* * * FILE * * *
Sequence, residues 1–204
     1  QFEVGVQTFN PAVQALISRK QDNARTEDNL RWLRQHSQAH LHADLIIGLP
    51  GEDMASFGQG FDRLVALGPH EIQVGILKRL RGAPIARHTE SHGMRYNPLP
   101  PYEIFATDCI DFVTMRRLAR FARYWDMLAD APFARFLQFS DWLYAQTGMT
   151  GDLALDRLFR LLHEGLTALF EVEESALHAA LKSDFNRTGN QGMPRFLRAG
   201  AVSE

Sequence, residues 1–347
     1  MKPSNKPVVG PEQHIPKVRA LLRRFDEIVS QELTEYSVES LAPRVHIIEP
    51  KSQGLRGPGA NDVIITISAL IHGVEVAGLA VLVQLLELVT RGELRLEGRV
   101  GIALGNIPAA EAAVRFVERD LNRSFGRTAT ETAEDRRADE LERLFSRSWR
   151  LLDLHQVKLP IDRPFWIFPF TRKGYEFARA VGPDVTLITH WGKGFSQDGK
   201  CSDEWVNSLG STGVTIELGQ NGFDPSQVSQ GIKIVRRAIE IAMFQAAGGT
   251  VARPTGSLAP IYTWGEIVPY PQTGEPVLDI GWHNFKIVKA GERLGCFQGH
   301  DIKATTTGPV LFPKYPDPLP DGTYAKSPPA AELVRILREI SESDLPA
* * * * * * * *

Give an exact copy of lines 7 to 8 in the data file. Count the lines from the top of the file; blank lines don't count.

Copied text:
Sequence, residues 1–347
     1  MKPSNKPVVG PEQHIPKVRA LLRRFDEIVS QELTEYSVES LAPRVHIIEP